GIS in Water Resourcesreview for Midterm Examfall 2006

GIS in Water Resourcesreview for Midterm Examfall 2006

GIS in Water ResourcesReview for Midterm ExamFall 2006

The material is classified according to Bloom’s Taxonomy of Educational Objectives:


1KnowledgeDefinitions, facts, formulas

2ComprehensionExplanation of definitions, formulas, problem solving procedures

3ApplicationKnow how to use a formula or procedure to solve simple problems

4AnalysisBreak down a complex problem and solve by steps

5SynthesisDerivation of basic formulas, design of new systems

6EvaluationAdvantages and limitations of alternative approaches


1Introduction to GIS in Water Resources2

2Introduction to ArcGIS2

3Exercise 1: Mapping pan evaporation stations in Texas5

4Geodesy, Map Projections and Coordinate Systems3

5Exercise 2: Building a Watershed Base Map5

6Data sources for GIS in water resources2

7Spatial analysis using grids4

8Exercise 3: Spatial analysis5

9 Watershed and stream network delineation4

10Exercise 4: Watershed and stream network delineation4

11Advanced terrain analysis concepts3

Expected Skills

Convert degree, minute, second coordinates to decimal degrees, and vice versa

  • Determine the length of a line along a meridian or parallel on a spherical earth.
  • Sketch of a map the standard parallels, central meridian, and latitude of origin for a given projection (the coordinates of origin, what earth datum, what projection)
  • Determine the size of a DEM cell when projected from lat-long coordinates to Easting and Northing coordinates.
  • Determine the statistics (e.g. average value or sum) of an attribute of a selected set of features satisfying a logical query
  • Be able to take the parameters of a map projection and interpret what they mean (focus on geographic, UTM, Albers and State Plane projections)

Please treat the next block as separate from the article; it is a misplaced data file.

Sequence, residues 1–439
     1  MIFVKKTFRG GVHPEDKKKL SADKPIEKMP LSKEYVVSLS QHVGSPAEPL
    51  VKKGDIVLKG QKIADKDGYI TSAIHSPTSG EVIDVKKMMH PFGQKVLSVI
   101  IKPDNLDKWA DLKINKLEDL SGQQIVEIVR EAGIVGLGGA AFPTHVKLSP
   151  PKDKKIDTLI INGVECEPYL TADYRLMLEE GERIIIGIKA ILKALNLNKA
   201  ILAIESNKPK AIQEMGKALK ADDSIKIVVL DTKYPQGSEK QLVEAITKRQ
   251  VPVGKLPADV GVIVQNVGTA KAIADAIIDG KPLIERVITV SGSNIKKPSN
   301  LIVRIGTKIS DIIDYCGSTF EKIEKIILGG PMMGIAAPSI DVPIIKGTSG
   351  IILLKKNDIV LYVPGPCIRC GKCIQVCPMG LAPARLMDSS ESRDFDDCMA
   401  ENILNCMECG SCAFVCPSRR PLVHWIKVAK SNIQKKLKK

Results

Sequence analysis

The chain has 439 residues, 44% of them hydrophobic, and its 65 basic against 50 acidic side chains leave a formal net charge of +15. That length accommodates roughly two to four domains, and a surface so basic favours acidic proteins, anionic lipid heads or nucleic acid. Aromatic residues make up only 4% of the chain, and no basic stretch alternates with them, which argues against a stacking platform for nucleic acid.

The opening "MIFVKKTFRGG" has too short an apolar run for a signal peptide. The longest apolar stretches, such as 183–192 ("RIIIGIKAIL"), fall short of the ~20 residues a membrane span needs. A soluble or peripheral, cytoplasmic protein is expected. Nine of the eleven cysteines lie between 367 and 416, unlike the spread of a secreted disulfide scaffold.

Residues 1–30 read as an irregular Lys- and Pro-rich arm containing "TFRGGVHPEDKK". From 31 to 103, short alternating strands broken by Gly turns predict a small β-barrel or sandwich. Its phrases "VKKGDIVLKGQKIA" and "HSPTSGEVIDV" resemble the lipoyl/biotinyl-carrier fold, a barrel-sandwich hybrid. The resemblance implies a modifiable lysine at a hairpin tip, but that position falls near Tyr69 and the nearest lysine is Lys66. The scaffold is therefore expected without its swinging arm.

• Know the common national data sources for GIS in Water Resources and their GIS data formats (vector, raster, point, line, polygon etc.)
  • Be able to perform raster calculations for spatial analysis and understand the concepts involved with raster calculation
  • Be able to calculate slope on a DEM
  • Take a small grid of elevation cells and calculate the flow direction and flow accumulation grids
  • Define the watershed of a cell in a DEM grid
  • Derive Geomorphologic and Watershed attributes from a DEM derived drainage network. These include, channel length, slope, stream order, drainage area, drainage density.
  • Understand the feature classes and tables that participate in the Arc Hydro Framework with Time Series schema and how they are interrelated.

Readings from Arc Hydro: GIS in Water Resources

Concept / Reference in “Arc Hydro”
1. Arc Hydro is designed within the ArcGIS geodatabase using ArcObjects as its basic features / Chapter 2, pp. 20-24
2. All HydroFeatures have a unique HydroID and HydroCode / Chapter 2, pp. 25-26
3. Arc Hydro framework data model links core water features using geometric and relational connections / Chapter 2, pp. 27-29
4. More extensive development can be added / Chapter 2, pp. 30- 31
5. HydroNetwork is a geometric network of HydroEdges and HydroJunctions / Chapter 3, pp. 35-39
6. Watersheds, Waterbodies and MonitoringPoints are connected to HydroJunctions using HydroID relationships / Chapter 3, pp. 39-41
7. Upstream and downstream tracing can be done using the HydroNetwork or using NextDownID connectivity / Chapter 3, pp. 41-43
8. River addressing can be performed using linear referencing to create events on the HydroNetwork / Chapter 3, pp. 44-47
9. Terrain analysis can be used to trace the path of water movement over the landscape / Chapter 4, pp. 56-59
10. Catchments and watersheds can be derived from the DEM in a formalized way / Chapter 4, pp. 60-62
11. Watershed and terrain information is available at a variety of spatial scales / Chapter 4, pp. 63-67
12. Catchments and stream networks are derived from the DEM using the 8-direction pour point model / Chapter 4, pp. 68-75
13. Watersheds can be delineated from a set of points on the stream network / Chapter 4, pp. 76-81
14. Watersheds can be used for hydrologic analysis / Chapter 4, pp. 82-84